For the beef stock, I didn't have a huge amount of time to wait for it to simmer so I took a page from Doris and Jilly by using my pressure canner to cook the stock in a shorter amount of time.  I usually roast my bones for about an hour in the oven to get the juices flowing but by using the pressure canner it seemed to achieve the same goal.  I'll post the soup recipe in a couple days with continuing tales of Buttercup the Magical Cow.

Pressure Cooker Beef stock

  • 3 LB beef bones and bits (if you are using this stock for a soup then make sure you have meat on the bones - we'll use it in the next step)
  • 2 onions, halved
  • 2 - 3 large carrots or 1 small bag of baby carrots, cut large carrots into 2 or 3 pieces
  • 2 ribs of celery, cut in 2 or 3 pieces.
  • a small bundle of parsley, rosemary, and thyme 
  • 5 cloves of garlic, smashed but not peeled
  • 1 Tbs of salt
  • 1 tsp ground pepper
  • 6 quarts of water

  1. Put all the ingredients in a large pressure canner and cook under 15 lb of pressure for 30 minutes.  Allow the canner to release the pressure on it's own.
  2. Strain the stock and reserve the carrots, celery, and bits of meat if you are making soup.
  3. If you are particular about your stock looking pretty, strain it several more times through cheesecloth.  If you are like me and think it all ends up in my belly anyhow.. then forgettaboutit.
  4. Put the stock into a bowl and chill several hours to allow the fat to solidify on the top then scoop the fat off the top.
  5. The stock can be kept in the fridge for a week or in the freezer for several months.
If you decide to can the stock:
  1. Clean and sterilize 6 quart-sized canning jars and rims.  I prefer to keep my jars hot to prevent cracking when I pour my hot stock into them.  I keep them either filled with hot water or I keep them warm in the dishwasher on the drying cycle.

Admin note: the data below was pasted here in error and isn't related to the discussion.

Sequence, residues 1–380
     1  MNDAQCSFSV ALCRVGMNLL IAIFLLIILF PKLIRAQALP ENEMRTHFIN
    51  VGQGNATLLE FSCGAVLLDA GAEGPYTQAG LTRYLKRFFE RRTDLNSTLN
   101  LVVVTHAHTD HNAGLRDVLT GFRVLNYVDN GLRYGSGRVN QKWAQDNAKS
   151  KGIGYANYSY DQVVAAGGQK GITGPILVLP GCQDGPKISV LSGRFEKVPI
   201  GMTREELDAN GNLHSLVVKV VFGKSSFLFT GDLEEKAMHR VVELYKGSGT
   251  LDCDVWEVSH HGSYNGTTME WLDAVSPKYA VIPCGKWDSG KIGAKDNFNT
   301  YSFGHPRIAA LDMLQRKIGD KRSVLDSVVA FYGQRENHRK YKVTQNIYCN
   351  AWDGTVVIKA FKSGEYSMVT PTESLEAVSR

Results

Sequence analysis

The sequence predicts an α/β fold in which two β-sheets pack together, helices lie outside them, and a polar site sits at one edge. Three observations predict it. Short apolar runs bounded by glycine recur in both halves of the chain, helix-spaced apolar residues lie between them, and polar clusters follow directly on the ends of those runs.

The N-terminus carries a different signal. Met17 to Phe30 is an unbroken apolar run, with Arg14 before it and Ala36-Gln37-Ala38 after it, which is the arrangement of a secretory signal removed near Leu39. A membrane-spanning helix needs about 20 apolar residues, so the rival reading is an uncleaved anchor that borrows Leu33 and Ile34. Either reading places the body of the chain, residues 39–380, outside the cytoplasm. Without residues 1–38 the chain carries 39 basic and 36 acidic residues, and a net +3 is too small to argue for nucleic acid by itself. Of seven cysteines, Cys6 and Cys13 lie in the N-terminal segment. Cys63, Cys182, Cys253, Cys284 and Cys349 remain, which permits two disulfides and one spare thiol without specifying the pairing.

2. Bring the stock to a boil and in another pot bring 3 quarts of water to a boil.
  3. Place 6 canning lids into a shallow pan and cover with hot water.  Bring to a simmer and maintain that heat.  Do not boil the water that the lids are in.
  4. Pour the stock into the hot jars leaving 1" of headspace.  Wipe the edges of the jar and place a lid on top.  Firmly screw a rim onto the jar.  You want the rim to be very tight.
  5. Place the jars into the pressure canner and pour in the boiling water.  The cans will not be covered.
  6. Secure the lid of the canner and bring the pressure up to 11 lb.  Cook at 11 lb for 25 minutes.  Click here for Presto's website for Altitude adjustments - I'm at sea level.
  7. Allow the canner to release it's pressure on it's own - do not use any quick cooling methods.
  8. Place the jars onto a flat surface and don't disturb them until the next day.  Their under alot of pressure to perform!
This post can be found over at Simple Lives Thursday.

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2 comments:

  1. I made pressure cooker beef stock just this afternoon, in preparation for a batch of chili for tomorrow, with almost the same recipe. I also added some tomato paste, roasted corn, roasted chicken bones, and a piece of smoked pork rind (since I knew it was going into chili). Such a great time saver to use the pressure cooker, and I find I make stock more often, and fewer bones pile up in the freezer! Thanks for sharing.

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  2. Thanks for visiting Scott! I like the idea of adding the tomato paste. I just grab whatever is in my fridge for the stock but I did have a 1/2 empty jar of paste in the back of my fridge I should have used up.

    Do you can your stock or freeze it?